Ragout: A derivitave of the French verb ragouter, meaning “to stimulate the appetite,” ragout is a thick, rich, well-seasoned stew of meat, poultry or fish and sometimes vegetables. – A Food Lover’s Companion
This is one of my favorite make-ahead meals. When the freezer is stocked with this stuff, I’m livin’ large! In the video I encourage you to use my guidance as just that, a guideline. I often incorporate other meats and chipotle in my Ragout when I reheat it. Ann Schuler can testify to that, right Ann? It gives a “nineties-fusion-cuisine” twist on a timeless classic by combining this French dish with the smoked jalapeno popularized in Mexico.
If you experiment with this, please share your story.
The above picture is shows this ragout paired with spaghetti squash.
Sometimes I think that the things I say are a lot more interesting than they actually are. That was definitely the case in this video. I had nearly forty minutes of jibber jabber that I had to pare down to under seven minutes. And, it is still long winded and studded with disfluencies. I think it might be time to join my local Toastmasters club…
I need to take my University Spanish Teacher, Francisco Miranda’s advice. He’d always say, “Just because you can say 700 things about a subject/topic, it doesn’t mean you should.”
I’ll close with a Chinese Proverb from a book I am currently reading, Making a Life, Making a Living by Mark Albion:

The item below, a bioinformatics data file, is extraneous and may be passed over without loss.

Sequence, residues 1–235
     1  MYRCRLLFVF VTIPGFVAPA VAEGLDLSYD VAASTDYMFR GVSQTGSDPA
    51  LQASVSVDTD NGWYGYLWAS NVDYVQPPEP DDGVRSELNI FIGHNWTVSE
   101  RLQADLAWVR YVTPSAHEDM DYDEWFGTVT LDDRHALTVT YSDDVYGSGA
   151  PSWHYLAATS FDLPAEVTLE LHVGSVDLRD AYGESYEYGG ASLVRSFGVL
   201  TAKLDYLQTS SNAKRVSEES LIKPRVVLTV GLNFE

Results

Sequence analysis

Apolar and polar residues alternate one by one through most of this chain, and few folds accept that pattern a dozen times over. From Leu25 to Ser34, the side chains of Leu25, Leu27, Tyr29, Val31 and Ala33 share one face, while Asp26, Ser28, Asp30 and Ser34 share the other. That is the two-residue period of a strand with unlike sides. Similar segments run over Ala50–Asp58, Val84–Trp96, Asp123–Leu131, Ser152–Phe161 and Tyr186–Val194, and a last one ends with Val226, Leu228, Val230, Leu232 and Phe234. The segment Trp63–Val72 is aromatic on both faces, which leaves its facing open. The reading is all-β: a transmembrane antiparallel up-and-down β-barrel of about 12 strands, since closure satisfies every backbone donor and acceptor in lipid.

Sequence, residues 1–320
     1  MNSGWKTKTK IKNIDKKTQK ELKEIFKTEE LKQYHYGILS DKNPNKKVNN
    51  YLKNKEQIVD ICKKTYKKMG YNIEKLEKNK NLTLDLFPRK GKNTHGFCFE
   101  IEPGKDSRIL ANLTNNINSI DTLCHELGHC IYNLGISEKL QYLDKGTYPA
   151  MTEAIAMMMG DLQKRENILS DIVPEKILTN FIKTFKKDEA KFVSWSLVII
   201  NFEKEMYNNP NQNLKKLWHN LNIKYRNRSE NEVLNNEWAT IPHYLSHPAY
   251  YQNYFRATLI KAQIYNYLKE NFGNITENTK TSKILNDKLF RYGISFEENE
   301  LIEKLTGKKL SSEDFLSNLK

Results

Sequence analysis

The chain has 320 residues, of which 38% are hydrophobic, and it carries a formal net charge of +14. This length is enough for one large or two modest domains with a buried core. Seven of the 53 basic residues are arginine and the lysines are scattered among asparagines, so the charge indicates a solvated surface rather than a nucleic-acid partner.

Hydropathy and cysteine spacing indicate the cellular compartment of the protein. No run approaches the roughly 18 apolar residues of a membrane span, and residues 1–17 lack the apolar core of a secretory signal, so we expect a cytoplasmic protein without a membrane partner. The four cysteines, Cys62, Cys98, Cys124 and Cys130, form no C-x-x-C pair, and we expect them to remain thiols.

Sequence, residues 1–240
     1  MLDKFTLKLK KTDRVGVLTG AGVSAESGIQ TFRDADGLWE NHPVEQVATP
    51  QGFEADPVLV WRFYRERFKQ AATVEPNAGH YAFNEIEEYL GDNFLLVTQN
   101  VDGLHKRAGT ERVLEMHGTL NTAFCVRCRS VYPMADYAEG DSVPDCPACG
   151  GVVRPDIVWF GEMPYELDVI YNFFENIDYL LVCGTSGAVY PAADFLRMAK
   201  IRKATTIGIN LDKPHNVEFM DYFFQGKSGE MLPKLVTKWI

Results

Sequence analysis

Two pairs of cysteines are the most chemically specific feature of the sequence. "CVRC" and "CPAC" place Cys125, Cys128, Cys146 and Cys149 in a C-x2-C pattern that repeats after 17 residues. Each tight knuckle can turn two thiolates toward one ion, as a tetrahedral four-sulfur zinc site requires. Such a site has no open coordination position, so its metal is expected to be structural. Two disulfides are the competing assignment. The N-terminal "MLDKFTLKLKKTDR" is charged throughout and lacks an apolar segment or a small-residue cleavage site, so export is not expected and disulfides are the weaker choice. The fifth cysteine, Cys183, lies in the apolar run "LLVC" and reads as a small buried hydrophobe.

“Unless you change direction, you are likely to end up where you are headed…”
Now, get out there and make some Ragout!
Until next time…
Keep It Paleo!
Your Guide to Culinary Fitness,
Grass-Fed Beef and Veggie Ragout
*.3 ounces of salt is a generally accepted proper quantity to season 1 pound of ground meat, this will help give you an idea of how much salt to use.
“Keep It Paleo!”
After we cook our ground beef, we end up with a cooked weight of the meat of around 37oz. Since we know that 1.5oz equals one block, we therefore have about 25 blocks from the protein.
Most of the rest of our ingredients give us our carbs. We start with the onion. We know raw, 1.5 cups of onions equals one block, therefore we have about 2.5 blocks form the onion. 2.5 cups of celery is also one block so with 3 cups of celery, we will count this as another block. 3 cups of carrots equals exactly one block so we have one block from the carrots. On average get about 1 cup form a bell pepper and we know that 2 cups equal one block so therefore we get 2 blocks from the 4 bell peppers. Our three zucchini’s give us 1.5 blocks as do our 3 yellow squashes as 2 cups equal one block for both and on average 1 zucchini or 1 yellow squash equal one cup. 4 cups of mushrooms equal one block exactly, and we also get one block from the garlic. We can measure one clove as equaling about 1 teaspoon and we know there are 9 teaspoons in 3 tablespoons, so about 9 cloves and about 10 cloves equal one block. Finally our sauce and puree each measure ½ cup to one block. Since we have 8 cups between the two, we get an additional 16 blocks form these. Our total carb count is about 30 blocks.
Our fats come from our olive oil. We know that 1/3 of a teaspoon equals one block and therefore there are 9 blocks in a tablespoon and 27 in three tablespoons.
We can break this into 8 meals each with about 3-4 blocks in each. If we are adding spaghetti squash after, remember that will take the carb count up.